Another image of the flats between The Hawk and Cape Island, this time in a slightly different direction. I took this picture late last spring and always liked the desolate feel of the flats at low tide, along with the single little boat left stranded on the sands. There was a profusion of rocks and some old, mouldy, wooden posts; all things I rather like trying to paint, and that lend themselves to my structured approach. Maybe the pencils are not the best medium for landscapes, except (perhaps) these very detailed ones.
My original photo-if you look closely at the horizon you can see the outline of a beached lobster boat; rumour has it that the skipper had had a few on his way back to port, and missed. I left that out of the painting, though.
I have seemingly settled on using a mixture of pencils from the two ‘top’ sets, Caran d’Ache Supracolor and Derwent Watercolour. Each set offers something different, and even colours with the same name can be subtly different in shade, allowing an extra depth. I kept a list of the colours used from each set, again for a bit of fun, and was astonished to find that a seemingly limited colour painting used 48 separate pencils!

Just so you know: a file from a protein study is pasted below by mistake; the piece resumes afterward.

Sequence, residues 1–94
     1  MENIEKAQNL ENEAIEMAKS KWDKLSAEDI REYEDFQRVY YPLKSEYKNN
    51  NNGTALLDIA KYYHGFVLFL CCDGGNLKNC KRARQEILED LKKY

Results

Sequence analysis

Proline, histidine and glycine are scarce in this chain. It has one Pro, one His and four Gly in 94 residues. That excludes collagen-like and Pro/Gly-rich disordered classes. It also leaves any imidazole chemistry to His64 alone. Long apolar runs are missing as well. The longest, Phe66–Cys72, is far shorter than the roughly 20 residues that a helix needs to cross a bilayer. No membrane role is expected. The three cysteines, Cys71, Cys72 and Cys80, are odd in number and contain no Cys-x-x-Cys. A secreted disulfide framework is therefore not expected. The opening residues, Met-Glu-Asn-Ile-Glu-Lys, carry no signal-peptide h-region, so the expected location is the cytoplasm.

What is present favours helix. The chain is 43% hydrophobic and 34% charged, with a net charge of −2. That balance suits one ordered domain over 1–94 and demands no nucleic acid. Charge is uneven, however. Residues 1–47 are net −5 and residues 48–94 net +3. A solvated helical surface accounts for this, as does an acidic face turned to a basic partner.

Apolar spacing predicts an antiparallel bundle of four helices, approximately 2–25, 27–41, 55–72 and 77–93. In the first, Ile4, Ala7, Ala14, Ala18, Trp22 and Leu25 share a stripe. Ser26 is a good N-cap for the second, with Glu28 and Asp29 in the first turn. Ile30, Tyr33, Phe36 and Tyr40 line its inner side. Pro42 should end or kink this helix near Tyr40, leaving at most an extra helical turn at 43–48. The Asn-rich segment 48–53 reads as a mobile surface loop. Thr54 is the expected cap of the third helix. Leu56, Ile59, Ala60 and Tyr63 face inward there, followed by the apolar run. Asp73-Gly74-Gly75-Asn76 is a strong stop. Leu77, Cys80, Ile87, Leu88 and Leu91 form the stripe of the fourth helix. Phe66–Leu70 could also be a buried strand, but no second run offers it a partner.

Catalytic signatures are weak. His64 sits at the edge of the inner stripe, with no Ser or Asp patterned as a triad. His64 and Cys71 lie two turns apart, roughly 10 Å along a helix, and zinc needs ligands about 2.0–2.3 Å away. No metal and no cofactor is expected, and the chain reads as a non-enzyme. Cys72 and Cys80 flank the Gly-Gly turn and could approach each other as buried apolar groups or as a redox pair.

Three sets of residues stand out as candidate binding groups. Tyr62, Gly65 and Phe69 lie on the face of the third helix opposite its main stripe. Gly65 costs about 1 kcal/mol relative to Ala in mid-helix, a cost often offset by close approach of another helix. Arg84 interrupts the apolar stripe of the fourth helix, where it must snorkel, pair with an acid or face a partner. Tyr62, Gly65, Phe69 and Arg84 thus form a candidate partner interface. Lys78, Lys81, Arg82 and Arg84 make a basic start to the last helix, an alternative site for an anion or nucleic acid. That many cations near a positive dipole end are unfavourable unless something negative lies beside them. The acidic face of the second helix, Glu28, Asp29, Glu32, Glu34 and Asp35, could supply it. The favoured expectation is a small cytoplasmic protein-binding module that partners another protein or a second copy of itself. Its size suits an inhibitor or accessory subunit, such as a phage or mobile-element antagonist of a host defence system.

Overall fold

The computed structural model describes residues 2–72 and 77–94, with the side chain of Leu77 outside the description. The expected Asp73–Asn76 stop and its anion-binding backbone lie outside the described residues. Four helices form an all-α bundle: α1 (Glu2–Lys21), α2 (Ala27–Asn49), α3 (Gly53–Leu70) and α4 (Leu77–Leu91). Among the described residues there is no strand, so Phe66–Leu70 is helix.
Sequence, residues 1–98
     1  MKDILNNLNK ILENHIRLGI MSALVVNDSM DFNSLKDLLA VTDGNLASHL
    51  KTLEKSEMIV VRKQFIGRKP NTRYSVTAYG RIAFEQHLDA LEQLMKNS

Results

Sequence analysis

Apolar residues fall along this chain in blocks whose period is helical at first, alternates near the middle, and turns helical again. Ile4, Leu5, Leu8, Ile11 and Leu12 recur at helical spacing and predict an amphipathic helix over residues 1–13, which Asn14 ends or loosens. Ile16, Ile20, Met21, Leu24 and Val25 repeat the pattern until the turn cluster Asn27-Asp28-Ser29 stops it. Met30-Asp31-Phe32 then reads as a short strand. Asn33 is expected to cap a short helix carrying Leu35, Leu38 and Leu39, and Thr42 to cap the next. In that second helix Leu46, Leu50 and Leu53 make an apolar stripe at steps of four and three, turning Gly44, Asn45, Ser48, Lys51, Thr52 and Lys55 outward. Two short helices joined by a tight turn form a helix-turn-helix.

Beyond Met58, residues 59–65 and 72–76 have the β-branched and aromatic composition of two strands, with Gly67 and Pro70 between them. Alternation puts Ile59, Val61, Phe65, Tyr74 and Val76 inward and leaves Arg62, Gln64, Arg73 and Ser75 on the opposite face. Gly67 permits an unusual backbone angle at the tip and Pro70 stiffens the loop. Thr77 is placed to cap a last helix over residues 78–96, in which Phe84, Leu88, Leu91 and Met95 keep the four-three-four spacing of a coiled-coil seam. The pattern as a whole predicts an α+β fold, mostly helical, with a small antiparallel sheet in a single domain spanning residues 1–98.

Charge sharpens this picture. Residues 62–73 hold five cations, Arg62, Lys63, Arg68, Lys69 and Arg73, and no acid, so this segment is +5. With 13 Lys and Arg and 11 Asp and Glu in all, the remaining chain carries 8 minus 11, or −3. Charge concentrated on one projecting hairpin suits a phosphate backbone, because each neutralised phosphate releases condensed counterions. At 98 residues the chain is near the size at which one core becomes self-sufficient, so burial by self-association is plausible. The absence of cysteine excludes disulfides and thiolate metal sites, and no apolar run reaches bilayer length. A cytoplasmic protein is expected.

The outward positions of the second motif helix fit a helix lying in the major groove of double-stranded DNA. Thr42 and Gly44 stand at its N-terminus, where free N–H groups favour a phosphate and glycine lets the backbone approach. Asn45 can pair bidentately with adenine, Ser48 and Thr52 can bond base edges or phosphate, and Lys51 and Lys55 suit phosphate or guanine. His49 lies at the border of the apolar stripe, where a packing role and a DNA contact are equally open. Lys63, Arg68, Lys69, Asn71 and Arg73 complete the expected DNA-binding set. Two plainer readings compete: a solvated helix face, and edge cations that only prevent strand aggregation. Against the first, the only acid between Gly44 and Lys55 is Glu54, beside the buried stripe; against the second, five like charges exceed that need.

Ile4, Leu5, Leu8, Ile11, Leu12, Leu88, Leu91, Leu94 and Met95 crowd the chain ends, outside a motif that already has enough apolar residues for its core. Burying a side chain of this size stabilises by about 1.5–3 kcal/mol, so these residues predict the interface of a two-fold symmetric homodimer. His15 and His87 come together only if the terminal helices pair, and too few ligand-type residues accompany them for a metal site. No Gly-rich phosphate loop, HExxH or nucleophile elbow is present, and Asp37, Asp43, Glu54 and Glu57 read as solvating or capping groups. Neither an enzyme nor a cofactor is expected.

Derwent: blue grey, gunmetal, French grey, silver grey, Vandyke brown, bronze, sepia, raw sienna, burnt umber, cedar green, olive green, sky blue, spectrum blue, blue violet, sky blue, grass green, raw umber, burnt carmine.
Caran d’Ache: cocoa, olive brown, beige, olive black, brownish beige, ivory black, bluish pale, sepia, silver grey, black, greyish black, light beige, grass green, olive grey, charcoal grey, moss green, grey, umber, light grey, green ochre, mouse grey, olive, reddish orange, gentian blue, bistre, cream, bluish grey, sky blue, indigo blue, Vandyke brown.
I’m sure that watercolour artists can get by using many fewer colours and blending the shades that they want, but I never really enjoyed that (getting a lot of mud shades myself). I really like that someone else has done much of the blending with all of these pencils.
‘Low Tide II’, 8 x 10 inch, watercolour pencil on 140 lb cold press watercolour paper.